Why Airplane Tickets Are So Expensive In Japan

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My Friend: “Hey, I’m planning to travel to Japan next month.”

Me: “Nice. Where are you visiting?”

My Friend: “First, I’m going to Tokyo, but I wanna go to Kyoto as well. Should I take a flight or the bullet train?”

Me: “Absolutely the bullet train.” 

 

For those who love traveling to a foreign country, airplane tickets are probably the biggest expenditure in your budget.

Especially Japan, flight tickets are much more expensive than other countries around the world.

 

It’s either because Japan is an island country or because of political reasons, or maybe both.

In this article, I will introduce you the reasons why airplane tickets are so expensive in Japan from political and historical perspectives.

 

 

Why Airplane Tickets Are So Expensive 

 

 There are two most famous airlines in Japan, JAL (Japan Airlines) and ANA (All Nippon Airways).

There are some LCC airlines (Low-cost Carrier) in Japan as well, but they only operate from local cities in Japan to its neighbor countries such as South Korea. 

 

If you are traveling to Japan with a travel agency, either JAL or ANA are most likely to be your airline.

And JAL and ANA are incredibly expensive compared to other airlines.

 

It’s not that it’s extremely luxurious or business class, it’s because of the geological reason.       

 

Japan Has So Many Islands

 

Source: Ministry of Land, Infrastructure and Transport Civil Aviation Bureau

 

It’s impossible to go to those islands without fling across the sea.

So Japan has more airports than other countries and inevitable has to operate those numbers of airports and airfields.

 

There are 97 airports in total within a country, of which 28 are operated by the central government and 67 are operated by local governments.

 

Maintenance And Landing Fees Are The Reasons 

 

The fact that Japan has to operate so many airports makes it more difficult for local governments to maintain those airports.

Especially nowadays, the Japan’s population is shrinking and much less people live in those local areas and small islands.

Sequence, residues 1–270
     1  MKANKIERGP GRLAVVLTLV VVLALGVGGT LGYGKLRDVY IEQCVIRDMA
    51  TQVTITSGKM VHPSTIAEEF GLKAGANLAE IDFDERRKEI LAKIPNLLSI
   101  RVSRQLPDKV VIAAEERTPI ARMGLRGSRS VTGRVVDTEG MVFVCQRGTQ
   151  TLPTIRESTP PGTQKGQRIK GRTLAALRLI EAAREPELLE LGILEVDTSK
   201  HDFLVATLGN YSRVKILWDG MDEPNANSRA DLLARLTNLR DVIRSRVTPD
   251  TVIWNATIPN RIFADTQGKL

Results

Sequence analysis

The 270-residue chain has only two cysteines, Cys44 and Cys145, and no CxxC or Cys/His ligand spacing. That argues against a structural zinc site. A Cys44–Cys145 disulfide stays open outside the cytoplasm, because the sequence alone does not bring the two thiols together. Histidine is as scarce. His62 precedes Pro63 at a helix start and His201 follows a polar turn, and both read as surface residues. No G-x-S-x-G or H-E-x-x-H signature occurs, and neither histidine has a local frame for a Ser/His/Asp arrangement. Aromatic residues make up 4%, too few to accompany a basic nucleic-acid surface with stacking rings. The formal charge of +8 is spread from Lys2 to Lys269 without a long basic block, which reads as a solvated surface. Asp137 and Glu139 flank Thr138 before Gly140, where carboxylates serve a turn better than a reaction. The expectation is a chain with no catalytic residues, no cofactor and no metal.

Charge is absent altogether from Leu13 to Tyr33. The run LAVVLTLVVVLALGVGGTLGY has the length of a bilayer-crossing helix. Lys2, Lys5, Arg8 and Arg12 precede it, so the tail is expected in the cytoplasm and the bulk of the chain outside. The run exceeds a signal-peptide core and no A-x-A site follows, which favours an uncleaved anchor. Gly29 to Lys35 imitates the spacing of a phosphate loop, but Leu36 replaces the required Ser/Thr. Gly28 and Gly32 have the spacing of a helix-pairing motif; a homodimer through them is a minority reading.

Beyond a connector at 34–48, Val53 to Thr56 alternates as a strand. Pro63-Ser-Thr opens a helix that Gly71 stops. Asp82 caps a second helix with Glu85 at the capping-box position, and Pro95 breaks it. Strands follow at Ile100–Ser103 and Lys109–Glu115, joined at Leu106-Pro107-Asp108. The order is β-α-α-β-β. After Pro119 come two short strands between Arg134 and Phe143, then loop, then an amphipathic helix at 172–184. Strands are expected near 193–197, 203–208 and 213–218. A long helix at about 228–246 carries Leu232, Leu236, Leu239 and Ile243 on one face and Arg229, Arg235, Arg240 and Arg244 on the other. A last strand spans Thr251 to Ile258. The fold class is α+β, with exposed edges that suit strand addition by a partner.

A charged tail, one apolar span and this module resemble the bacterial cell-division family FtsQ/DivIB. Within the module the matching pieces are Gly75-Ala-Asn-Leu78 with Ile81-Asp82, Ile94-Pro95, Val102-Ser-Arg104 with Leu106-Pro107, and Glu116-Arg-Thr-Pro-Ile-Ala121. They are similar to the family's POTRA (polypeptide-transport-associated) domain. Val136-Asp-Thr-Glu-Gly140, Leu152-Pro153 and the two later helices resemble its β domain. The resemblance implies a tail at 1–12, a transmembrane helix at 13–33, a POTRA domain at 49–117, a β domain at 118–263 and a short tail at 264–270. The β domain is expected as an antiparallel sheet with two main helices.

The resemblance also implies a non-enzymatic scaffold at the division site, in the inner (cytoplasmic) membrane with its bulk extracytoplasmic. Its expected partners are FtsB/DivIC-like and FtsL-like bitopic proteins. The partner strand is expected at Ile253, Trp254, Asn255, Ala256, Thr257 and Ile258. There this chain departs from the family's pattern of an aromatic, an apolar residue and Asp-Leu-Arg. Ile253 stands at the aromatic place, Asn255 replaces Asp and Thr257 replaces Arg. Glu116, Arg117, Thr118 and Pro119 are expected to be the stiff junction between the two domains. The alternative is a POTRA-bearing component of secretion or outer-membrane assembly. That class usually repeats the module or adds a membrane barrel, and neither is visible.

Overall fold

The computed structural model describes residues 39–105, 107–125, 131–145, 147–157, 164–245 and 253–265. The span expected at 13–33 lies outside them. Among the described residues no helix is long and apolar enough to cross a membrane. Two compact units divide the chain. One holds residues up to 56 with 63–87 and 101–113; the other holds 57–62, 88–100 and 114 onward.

That means local airports have less business and have been facing serious deficits because of lack of airplane users or the simple population.

 

So how can those local airports still cover so much deficits?

 

The central government levies taxes from mega airports in big cities like Narita and Haneda in the name of the landing fees.

 

10 Most Expensive Airports to Land Your Plane

 

This article shows Haneda (Tokyo), Narita (Tokyo), and Kansai (Osaka) are three most expensive airports to land around the world and Chubu international airport (Nagoya) in 6th. 

So 4 airports out of 10 in this list are in Japan. 

 

Since those airports get much more passengers compared to those in local areas, it’s much more practical when they collect more landing fees from those airports.

But landing fees are not directly on passengers, but airline companies pay. 

 

That means the companies include those extra fees in their airplane tickets, so airplane tickets naturally gets more expensive. 

As a result, passengers are technically the ones who cover the deficits of local airports in Japan.

 

In addition to this, for those airports built on reclaimed landfills, such as Narita and Haneda, the government has to pay for owners of the area by respecting fishery rights.

As for airports built around residential areas, including Narita and Itami, extra expenditure is also needed to provide for residents due to aircraft noise. 

 

Building so many airports in such a small country of archipelago resulted in more costs because of those factors. 

 

 

Does Japan Really Need So Many Airports?

 

Japan has the bullet train and operates one of the greatest train systems around the world. 

It’s no doubt Japan doesn’t really need so many airports, especially in local cities, where people can go by trains. 

 

The problem is in the Japan’s bureaucracy.

Japan has worked on rebuilding infrastructure since the end of WWII.

 

The reconstruction policy successfully rebuilt the devastated cities in Japan after the war.

But the problem is that this bureaucracy is still going on today.

 

They still keep building infrastructure that they don’t even need.

Airports, highways, and harbors are the three best examples of this.

 

“I will prosper our city by developing transportation.”

 

It’s a cliche of many politicians because it’s easier for them to get voted when they say it.

Of course, it gets more convenient with an airport, highways, and harbors for locals, but the government doesn’t have enough budget in reality, and so many of them have actually gone deficits.  

 

The bureaucracy like this is good when a country is developing, but Japan has been facing serious decrease in population today.

Clearly it is a wastes of taxes, and has resulted in distribution in benefits.

 

Since the airports in Tokyo are more expensive, airlines are more likely to land for transition in hub airports in other Asian countries instead such as Singapore and Hong Kong nowadays.

The same situation goes to harbors.

 

Japan is losing more businesses because of so many airports and harbors.

 

 

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